2013 Caterpillar Tour of Tasmania | 29 Sep - 6 Oct
Arguably the ‘marquee’ Subaru National Road Series event, the 2013 Caterpillar Tour of Tasmania has undergone some significant changes from past tours, in its first year being managed by the Cycling Australia Commercial and Events team.
The Caterpillar Tour of Tasmania boasts eight gruelling stages over eight days through some of the most picturesque countryside in the world.
The tour covers all parts of the Apple Isle including the iconic Derwent Valley, Mt Wellington, the Meander Valley, and Great Lake. The event also touches the metropolitan cities of Hobart, Launceston and Devonport as well as the picturesque seaside towns of Ulverstone, Burnie and Penguin.
Tasmania is true cycling territory with no where to hide in this race. With the race covering so much of the Apple Isle, mixed with some potentially unpredictable weather, it's sure to be one of the absolute highlights of the 2013 Subaru National Road Series.
Over many years, road tours in Tasmania have acted as an important breeding ground for future champions, with victory here paving the way for successful European careers.
>> Entry list
Karin Jones, Cycling Australia
About the Region
Tasmania is located 240 kilometres to the south of the Australian mainland and is separated by the Bass Strait. The state has a population of approximately 515,000 people with almost half of the Tasmanian population residing in the greater Hobart precinct.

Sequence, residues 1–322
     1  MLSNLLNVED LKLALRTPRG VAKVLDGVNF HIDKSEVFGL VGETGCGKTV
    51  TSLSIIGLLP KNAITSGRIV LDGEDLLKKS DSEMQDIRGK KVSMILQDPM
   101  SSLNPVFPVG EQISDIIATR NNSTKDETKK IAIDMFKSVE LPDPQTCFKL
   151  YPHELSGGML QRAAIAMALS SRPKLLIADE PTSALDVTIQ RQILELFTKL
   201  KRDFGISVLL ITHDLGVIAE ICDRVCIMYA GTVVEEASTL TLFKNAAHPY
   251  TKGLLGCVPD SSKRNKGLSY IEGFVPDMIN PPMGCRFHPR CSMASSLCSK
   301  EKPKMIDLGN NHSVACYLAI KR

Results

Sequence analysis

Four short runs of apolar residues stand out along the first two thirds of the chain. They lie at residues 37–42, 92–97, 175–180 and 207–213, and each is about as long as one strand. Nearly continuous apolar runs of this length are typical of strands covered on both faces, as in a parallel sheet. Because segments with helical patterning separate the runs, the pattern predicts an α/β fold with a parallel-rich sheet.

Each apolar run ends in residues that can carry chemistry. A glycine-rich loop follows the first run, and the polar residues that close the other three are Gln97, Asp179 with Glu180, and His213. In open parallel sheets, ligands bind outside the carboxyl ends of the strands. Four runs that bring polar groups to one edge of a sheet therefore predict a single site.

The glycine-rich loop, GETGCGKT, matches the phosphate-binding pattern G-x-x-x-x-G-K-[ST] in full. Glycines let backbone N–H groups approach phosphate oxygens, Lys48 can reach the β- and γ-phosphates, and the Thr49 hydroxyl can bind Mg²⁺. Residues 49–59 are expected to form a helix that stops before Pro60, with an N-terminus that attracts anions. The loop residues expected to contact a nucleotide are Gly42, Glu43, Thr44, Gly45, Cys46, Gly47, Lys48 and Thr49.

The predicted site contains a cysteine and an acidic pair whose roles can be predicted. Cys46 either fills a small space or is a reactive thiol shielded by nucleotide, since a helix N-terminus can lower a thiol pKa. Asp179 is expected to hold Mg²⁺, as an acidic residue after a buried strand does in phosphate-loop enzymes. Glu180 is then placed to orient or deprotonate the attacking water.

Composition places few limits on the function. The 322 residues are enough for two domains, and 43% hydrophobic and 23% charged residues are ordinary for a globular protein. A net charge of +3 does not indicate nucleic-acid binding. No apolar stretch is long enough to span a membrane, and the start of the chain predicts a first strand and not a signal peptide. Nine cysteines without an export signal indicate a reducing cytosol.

The first stage of the tour is a Team Time Trial and will start from the iconic Cascade Brewery and finish at Mt Wellington in Hobart.
Launceston is in the north of Tasmania and will host stage four of the tour. The City oozes modern refinement and easy charm. Immerse yourself in the city's rich cultural heritage and enjoy a thriving food and wine scene amongst the backdrop of vibrant Georgian streetscapes. The boutique riverside City is located at the head of the picturesque Tamar Valley and boasts magnificent natural attractions including the spectacular Cataract Gorge and beautiful parks and gardens. Everything you need to have an amazing Tasmanian experience is right on Launceston's doorstep: Australia's coolest wine trail, gourmet food, history, wilderness and adventure.
Burnie with a population of approximately 20,000 people isn’t the biggest destination on the tour but it is still a must see. Like almost every road stage on the Caterpillar Tour of Tasmania, stage seven offers amazing variety and is open to an approach from the riders to make it as active or passive as they choose. The event’s final road race will be the last opportunity to secure overall honours. The peloton is sure to receive a warm welcome as it presents itself at the start line in North Terrace in the cycling heartland town of Burnie. After a short neutral section through town and along the Bass Highway, the race turns right onto Old Surrey Road and then onto Fernglade, where the contest will begin in earnest along the banks of the Emu River.
Devonport is located in the north western part of Tasmania and is host to the eighth and final stage of the tour which will be a criterium on the Devonport waterfront. Devonport is the port of call for the Spirit of Tasmania which provides access from the mainland of Australia if you want to have another option when travelling from mainland Australia.